An Undergraduate's Route to the CDE

How does a Williams undergraduate connect with the Center for Development Economics (CDE)? And, with a full courseload and myriad extra-curriculars, is it even worth a try?

Diego Flores (Diego Ontaneda) ’11, Nargis Sakhibova ’12, and Katherine Ireland ‘09 firmly believe it is. Upon arriving at the CDE’s  handsome former frat house on the outskirts of campus (at the corner of Route 2 and South Street), each student felt welcomed into an eclectic community of international graduate students.

Diego Flores (Diego Ontaneda) ’11

Originally from Peru, Diego first found the CDE while browsing Williams online. He decided to major in economics and discovered that many of his required courses focused on developed nations, while his deeper interests lay in the developing world. With the help of Professor Anand Swamy, Diego enrolled in a CDE course called “Institutions and Governance” his senior year.

Diego also served as a TA for CDE fellows in econometrics, a required course for CDE fellows. While a seemingly inverted model, having undergraduates TA graduate students actually allows for a mutual exchange of knowledge: the undergraduates know the course material, while the graduates, most of whom have already had professional experience in their fields, bring a more practical, worldly perspective to their undergraduate counterparts.

Diego found TA-ing to be a rich experience. He observed that while many Williams undergraduates come to TA sessions simply to get the answers to problem sets, CDE fellows stayed well past the scheduled time to thoroughly understand the material. Diego’s TA sessions would often run more than two hours—an inconvenience for some undergraduate TAs, perhaps, but fun for Diego. “Sometimes I’d be right there grappling with problems alongside them,” Diego recalled joyfully.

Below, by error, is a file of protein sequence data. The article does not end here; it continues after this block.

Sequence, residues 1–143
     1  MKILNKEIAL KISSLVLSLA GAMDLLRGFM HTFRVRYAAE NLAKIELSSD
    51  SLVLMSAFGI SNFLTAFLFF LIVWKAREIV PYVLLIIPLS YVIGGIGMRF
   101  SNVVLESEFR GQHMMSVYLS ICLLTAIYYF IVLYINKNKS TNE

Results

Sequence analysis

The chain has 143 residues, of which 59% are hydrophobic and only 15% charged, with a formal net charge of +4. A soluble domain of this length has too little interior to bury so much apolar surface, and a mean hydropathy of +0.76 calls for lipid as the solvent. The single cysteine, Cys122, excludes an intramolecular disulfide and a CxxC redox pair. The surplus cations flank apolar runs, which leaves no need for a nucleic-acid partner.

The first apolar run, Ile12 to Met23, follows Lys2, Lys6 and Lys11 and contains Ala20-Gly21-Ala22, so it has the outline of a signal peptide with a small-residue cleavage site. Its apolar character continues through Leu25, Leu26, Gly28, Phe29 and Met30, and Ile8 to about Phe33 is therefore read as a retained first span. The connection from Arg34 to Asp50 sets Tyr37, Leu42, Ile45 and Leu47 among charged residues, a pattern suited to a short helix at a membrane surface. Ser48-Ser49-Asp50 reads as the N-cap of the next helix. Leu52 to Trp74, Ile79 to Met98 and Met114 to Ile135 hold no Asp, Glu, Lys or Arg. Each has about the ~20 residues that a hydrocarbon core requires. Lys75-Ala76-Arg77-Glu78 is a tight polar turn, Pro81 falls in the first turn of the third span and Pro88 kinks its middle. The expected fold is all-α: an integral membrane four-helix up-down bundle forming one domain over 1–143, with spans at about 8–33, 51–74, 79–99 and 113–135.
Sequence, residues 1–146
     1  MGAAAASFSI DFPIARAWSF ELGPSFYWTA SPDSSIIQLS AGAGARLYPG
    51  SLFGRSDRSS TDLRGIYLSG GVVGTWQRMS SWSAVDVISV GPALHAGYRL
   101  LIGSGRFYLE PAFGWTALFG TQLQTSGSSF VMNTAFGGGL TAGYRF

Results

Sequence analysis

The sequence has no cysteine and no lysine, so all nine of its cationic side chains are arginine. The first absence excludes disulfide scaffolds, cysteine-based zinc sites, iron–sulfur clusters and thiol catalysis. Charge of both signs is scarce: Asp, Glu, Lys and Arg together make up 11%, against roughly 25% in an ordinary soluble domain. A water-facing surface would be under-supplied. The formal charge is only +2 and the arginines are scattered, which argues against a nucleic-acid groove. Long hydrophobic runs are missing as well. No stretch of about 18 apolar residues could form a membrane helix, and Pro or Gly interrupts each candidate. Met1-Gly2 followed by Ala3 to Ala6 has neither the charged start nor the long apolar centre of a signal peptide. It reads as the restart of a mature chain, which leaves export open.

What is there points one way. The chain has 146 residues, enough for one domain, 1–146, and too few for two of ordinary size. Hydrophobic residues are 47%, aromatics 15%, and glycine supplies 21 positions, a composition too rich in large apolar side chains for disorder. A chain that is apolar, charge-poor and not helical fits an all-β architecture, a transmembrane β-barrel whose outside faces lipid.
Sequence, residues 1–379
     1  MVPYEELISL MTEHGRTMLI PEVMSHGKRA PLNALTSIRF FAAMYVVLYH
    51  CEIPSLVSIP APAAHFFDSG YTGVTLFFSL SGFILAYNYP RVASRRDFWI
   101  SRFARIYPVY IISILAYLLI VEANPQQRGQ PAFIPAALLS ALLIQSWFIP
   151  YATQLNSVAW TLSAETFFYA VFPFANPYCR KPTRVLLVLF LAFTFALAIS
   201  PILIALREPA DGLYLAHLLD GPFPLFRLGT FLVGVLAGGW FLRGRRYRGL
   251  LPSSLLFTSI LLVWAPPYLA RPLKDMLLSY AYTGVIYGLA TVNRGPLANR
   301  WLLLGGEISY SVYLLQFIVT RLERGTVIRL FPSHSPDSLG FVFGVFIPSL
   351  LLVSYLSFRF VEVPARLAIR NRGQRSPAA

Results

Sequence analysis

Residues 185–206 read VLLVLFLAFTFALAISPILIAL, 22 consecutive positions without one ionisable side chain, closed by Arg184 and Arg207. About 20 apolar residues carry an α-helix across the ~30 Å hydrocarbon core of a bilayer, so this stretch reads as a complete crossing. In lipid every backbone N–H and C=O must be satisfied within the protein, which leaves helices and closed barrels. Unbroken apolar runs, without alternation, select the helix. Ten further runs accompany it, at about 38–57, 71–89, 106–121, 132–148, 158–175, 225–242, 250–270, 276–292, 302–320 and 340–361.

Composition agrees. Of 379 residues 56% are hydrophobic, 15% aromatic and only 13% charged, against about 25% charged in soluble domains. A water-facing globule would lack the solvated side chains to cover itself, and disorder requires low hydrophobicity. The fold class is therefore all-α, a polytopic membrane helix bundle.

Nargis Sakhibova ’12

Nargis also knew about the CDE before arriving at Williams—in fact, it was one of the reasons she chose to enroll. Hailing from Tajikistan, Nargis took her first course at the CDE, “The Effect of Climate Change of Developing Countries,” during Winter Study of her freshman year. Now a senior econ major, Nargis has a second CDE course, “Monetary Policy in Developing Countries,” under her belt.

What Nargis enjoyed most about being in class with CDE fellows was how they brought practical aspects of policy making from their countries into Williams classroom discussions. In her climate change course, each student had to estimate the effects of climate change on his or her country and come up with a long-range plan to address the issues. “It was interesting to see how one guy from Afghanistan would combat malaria, while a woman from Vietnam focused on the construction of water barriers to prevent the ocean from flooding coastal areas of Vietnam.”

Nargis notes that there are opportunities to get involved with the CDE even without being enrolled in graduate-level Economics courses. “The CDE hosts country presentations which are open to all Williams students, and CDE fellows often invite undergraduates to parties.”

Kate Ireland (’09)

Unlike Diego and Nargis, Kate is a US native who diversified her Williams experience through integrating socially, as well as academically, at the CDE.

Kate made a point of having breakfast with the fellows each morning before “Developing Country Macroeconomics” her senior fall and “Finance and Development” her senior spring. She loved the international atmosphere and was able to get to know many fellows personally. “I remember one Egyptian girl,” Kate recalled, “who said what she liked most about Williams was how isolated and safe it was!” (Kate and I both laughed at this memory, since many Williams students find the isolation, well, isolating.) Having traveled to Cairo the year before, however, Kate did appreciate the positive difference for a female student in the Berkshires.

Kate also hosted a dinner party at her Spring St. apartment for several of the fellows–and even invited a few to the Red Herring one evening so they could have a taste of undergraduate social life.

In the classroom, Kate enjoyed her classmates’ fresh perspectives, especially when one of them would challenge the professor with an outcry of: “That’s not how it’s done in my country!”

Now Kate is on the Visiting Committee for the CDE, touching base with Williams twice a year to help facilitate the CDE’s ever-evolving relationship with the college. Kate, along with the CDE’s Director Tom Powers, believes that graduate students and undergraduate students would both benefit from a deeper social connection. While Kate notes that cultural differences can be true obstacles–and Tom observes that the intensity of the fellows’ academic and professional focus does not often leave room for integrating with undergraduates–the positive remarks of those who have reached out are a testament to how, if one digs, Williams is a more global community than it seems.